Using multiple STRs, rather than just one, can improve the accuracy of DNA profiling. If the probability that two people have the same number of repeats for a single STR is 5%, and the analyst looks at 10 different STRs, then the probability that two DNA samples match purely by chance is about 1 in 1 quadrillion (assuming all STRs are independent of each other). So if two DNA samples match in the number of repeats for each of the STRs, the analyst can be pretty confident they came from the same person. CODIS, The FBI's DNA database, uses 20 different STRs as part of its DNA profiling process. More on this later. Utimately, you are going to write a DNA profiling app. The app will be able to take a dna strand and determine who the DNA belongs to (using a provided database). We will be making some approximations to the above discussion to simplify our code writing. And there are lots of ways you could write an app like this, but for this project you will be required to solve it using a custom DNA abstraction that we will write. Project Summary For this project, you are going to design a custom abstraction for DNA (in the file, dna.h). Unlike your last project which had a c-array under the hood, this implementation is a linked structure. As you work through the design, you will notice that implementing an abstraction using a linked structure is very different than implementing an abstraction using a c-array. Managing memory is different and also any updates to the implementation is very different. You MUST draw out what you are doing when you have a linked structure. There is absolutely no way to write this code unless you are diagramming as you go. To test your dna abstraction class, you must write tests using the Google Test framework, which you will write in tests.cpp. The starter code for tests.cpp sets up 10 tests cases for you, categorized by public member function. You can add more tests or just put your assertions in each test. You may/should have 100s of assertions (calls to EXPECT_EQ) in each of the TESTs. Think loops. Once you have finished testing your dna abstraction class, you can move on to the application.cpp which will implement the DNA profiling described above. DNA Abstraction Class – dna.h and tests.cpp DNA strands are made up units called nucleotides. There are four different nucleotides present in DNA, as discussed above: A, C, G, and T. We are going to model any DNA strand as a linked structure consisting of nucleotides that make up the strand, in order. To do this, we are going to set up a doubly-linked list made up of nucleotide: struct Nucleotide { char value; Nucleotide *next; Nucleotide *prev; }; If we wanted to store the DNA sequence for TAGCAT, it would look like this:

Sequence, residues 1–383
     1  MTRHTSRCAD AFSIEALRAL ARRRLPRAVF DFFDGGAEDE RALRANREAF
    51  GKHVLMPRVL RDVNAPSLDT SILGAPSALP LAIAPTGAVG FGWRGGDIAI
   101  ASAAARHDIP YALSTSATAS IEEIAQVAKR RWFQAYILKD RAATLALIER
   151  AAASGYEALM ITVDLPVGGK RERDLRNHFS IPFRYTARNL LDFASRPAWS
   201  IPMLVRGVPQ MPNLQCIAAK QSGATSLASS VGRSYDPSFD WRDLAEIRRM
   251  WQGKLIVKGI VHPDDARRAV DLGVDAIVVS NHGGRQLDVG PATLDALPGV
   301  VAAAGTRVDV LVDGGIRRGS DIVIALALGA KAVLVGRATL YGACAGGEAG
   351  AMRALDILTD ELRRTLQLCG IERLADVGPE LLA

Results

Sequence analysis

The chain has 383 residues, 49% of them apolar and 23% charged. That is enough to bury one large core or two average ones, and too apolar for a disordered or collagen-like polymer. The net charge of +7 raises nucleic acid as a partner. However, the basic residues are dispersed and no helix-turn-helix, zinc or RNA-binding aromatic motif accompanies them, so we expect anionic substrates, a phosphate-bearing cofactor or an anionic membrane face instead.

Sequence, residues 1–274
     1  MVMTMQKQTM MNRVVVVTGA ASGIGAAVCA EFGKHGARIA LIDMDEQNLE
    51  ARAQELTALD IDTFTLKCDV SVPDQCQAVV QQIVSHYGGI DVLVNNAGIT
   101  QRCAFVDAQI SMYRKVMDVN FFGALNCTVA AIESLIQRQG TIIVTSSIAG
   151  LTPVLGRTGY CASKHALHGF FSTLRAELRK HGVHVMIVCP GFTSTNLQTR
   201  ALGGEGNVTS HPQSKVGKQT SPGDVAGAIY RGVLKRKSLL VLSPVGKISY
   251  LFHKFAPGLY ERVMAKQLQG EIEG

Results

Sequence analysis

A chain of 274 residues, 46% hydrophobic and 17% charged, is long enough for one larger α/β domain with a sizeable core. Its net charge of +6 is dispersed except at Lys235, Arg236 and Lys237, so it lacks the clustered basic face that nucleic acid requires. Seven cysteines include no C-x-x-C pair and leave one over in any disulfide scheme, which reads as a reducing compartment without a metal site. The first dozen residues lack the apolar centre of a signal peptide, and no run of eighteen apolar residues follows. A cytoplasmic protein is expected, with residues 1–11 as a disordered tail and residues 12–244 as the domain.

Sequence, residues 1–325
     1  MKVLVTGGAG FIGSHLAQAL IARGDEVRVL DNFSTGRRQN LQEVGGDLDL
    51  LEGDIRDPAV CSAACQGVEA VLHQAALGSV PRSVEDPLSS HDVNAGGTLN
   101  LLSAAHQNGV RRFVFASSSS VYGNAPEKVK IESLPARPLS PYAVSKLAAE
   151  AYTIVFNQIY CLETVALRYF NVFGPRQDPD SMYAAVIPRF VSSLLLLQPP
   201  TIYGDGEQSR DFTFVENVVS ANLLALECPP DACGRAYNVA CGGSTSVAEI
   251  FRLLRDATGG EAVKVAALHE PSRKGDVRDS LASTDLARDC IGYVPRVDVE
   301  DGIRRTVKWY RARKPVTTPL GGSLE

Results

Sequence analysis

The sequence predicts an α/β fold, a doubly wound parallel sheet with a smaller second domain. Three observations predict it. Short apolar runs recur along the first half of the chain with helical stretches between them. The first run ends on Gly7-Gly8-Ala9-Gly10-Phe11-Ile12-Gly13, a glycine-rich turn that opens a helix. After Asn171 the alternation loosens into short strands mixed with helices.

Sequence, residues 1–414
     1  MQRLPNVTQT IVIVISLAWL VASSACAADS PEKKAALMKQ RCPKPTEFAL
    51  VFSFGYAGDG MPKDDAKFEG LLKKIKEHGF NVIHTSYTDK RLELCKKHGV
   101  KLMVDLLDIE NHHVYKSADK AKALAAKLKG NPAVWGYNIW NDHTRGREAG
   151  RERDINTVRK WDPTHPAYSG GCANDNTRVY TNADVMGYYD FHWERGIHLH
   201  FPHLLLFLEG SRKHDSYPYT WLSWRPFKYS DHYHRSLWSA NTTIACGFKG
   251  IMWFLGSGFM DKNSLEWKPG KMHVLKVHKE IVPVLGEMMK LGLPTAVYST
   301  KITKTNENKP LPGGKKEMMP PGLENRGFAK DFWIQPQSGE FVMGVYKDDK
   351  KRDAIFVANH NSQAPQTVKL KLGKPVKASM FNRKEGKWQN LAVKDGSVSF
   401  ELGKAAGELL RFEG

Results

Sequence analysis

The prev pointer of the first T and the next pointer of the last T would each be set to nullptr, but will not be shown in the digrams (for simplicity). However, you probably will find it useful to draw them in when you are diagramming. Check out the dna.h file which describes the functionality of each member function you must write. If you would like a step-by-step guide of how to proceed, please read the rest of this section. STEP 1: Write the toString function first. It convert’s the current object’s linked structure into a string. With the example above, it will return the string “TAGCAT”. It is one of the more straight forward functions to write, but it also very useful to use in your tests so it is best to get it implemented right away! You will not be able to test it quite yet. STEP 2: Write the default constructor and size. For this constructor, you will allocate memory for two Nucleotide nodes and link them together properly. You can set the value of these two nodes to ‘X’. Make sure to set all private member variables when writing the default constructor. Now, go ahead and implement the size() function. Now, you can write some tests to test everything you have implemented so far. Make sure you have Google Tests installed before testing (see section below). NOTE: there are a few tests in the starter code, make sure to comment out any of the public function assertions that you have not yet implemented before testing. TIPS: